The No Story Too Small blog has been giving genealogists and family historians wonderful writing prompts to help them to focus on the stories of individual ancestors. If you chose to do all the themes, you would end up having written about 52 ancestors this year.
One of the themes for December is “Thankful”. It seems like a very fitting theme to appear between Thanksgiving and Christmas. Both holidays are ones that are spent with family and expressing thankfulness for each other (and everything they have).
All of the themes suggested by the No Story Too Small blog are optional. If you don’t happen to like the “Thankful” theme, or feel that it doesn’t fit well with your family history blog or the lives of any specific ancestor, you are free to choose a different theme. The point is to get into the habit of writing about your ancestors and sharing their interesting life stories with others.
There is plenty of room in the “Thankful” theme. You could write about an ancestor or relative that you are especially thankful for having in your life. This person, whomever he or she may be, is someone you have turned to in times of trouble. They are the person you almost always enjoy spending time with. Or, perhaps they are simply the most optimistic member of the family who is good at pointing out the bright side of any situation.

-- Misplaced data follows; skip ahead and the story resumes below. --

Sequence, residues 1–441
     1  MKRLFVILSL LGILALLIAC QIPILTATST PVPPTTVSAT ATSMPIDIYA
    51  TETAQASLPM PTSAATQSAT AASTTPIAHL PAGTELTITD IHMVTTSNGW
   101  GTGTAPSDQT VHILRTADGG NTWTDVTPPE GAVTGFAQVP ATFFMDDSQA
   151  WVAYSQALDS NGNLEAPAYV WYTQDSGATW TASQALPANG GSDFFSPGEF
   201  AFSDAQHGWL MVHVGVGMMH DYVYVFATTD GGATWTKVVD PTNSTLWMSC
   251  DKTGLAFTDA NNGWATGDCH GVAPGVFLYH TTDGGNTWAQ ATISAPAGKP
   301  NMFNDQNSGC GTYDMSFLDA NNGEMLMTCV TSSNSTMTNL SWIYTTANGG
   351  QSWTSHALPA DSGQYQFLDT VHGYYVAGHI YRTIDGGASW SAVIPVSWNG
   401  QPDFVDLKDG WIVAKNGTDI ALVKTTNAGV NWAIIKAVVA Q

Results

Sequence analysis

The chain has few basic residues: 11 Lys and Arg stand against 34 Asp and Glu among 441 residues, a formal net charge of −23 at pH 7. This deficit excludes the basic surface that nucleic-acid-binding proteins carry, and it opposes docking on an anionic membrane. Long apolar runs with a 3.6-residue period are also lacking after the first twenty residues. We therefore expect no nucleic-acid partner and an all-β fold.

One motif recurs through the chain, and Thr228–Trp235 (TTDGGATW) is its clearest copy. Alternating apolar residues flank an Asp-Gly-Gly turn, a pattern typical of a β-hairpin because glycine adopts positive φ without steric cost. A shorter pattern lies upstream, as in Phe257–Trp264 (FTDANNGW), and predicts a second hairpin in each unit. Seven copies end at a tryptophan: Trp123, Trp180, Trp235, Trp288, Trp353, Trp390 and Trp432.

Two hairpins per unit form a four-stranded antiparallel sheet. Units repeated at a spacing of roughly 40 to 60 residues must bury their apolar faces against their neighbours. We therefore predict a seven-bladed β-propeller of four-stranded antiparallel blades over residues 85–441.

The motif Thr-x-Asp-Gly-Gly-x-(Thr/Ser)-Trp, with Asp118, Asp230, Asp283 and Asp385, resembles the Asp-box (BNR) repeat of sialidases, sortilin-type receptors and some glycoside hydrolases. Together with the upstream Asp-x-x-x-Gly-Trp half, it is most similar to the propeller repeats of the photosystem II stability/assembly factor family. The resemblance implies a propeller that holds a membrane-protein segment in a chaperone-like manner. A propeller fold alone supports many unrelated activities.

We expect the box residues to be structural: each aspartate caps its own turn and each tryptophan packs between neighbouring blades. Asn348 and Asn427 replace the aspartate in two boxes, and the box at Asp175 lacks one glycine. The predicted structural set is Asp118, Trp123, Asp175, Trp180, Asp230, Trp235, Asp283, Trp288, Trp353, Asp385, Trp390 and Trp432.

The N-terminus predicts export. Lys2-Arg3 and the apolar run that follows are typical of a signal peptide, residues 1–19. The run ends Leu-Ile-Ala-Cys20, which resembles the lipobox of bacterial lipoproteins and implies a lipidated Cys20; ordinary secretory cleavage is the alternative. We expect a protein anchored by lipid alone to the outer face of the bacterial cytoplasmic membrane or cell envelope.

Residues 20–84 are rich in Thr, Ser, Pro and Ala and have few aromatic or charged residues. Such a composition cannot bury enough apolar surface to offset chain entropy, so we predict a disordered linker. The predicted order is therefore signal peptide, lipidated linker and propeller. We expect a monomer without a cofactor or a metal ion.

Did any of your ancestors immigrate to America? What was their story? Chances are, they were thankful to be able to leave their country of origin and come to a land that offered them a much better life than they could have had at home.
Tell their story. What was happening that made your ancestor feel the need to leave his or her country? Were they able to travel with other family members? What were they most thankful for after arriving in America?
Another option is to focus on the Thanksgiving holiday. What relative hosts Thanksgiving dinner most often? Write about when that relative started hosting that family-oriented dinner, and point out how many years she did it. Is there a special prayer or blessing that your family says before they start to eat? Write about the ancestors who first owned the fine dishes and silverware that are used at Thanksgiving dinner.
It is also possible to put a different spin on the “Thankful” theme. Was one of your ancestors a doctor or nurse? Is there a story that has been handed down through the family of a time when that ancestor saved someone’s life? That person, and his or her family, was probably very thankful that your ancestor was able to help. They may have sent a card or letter or gratitude (which could still be around).
Image by Cindi Albright on Flickr.
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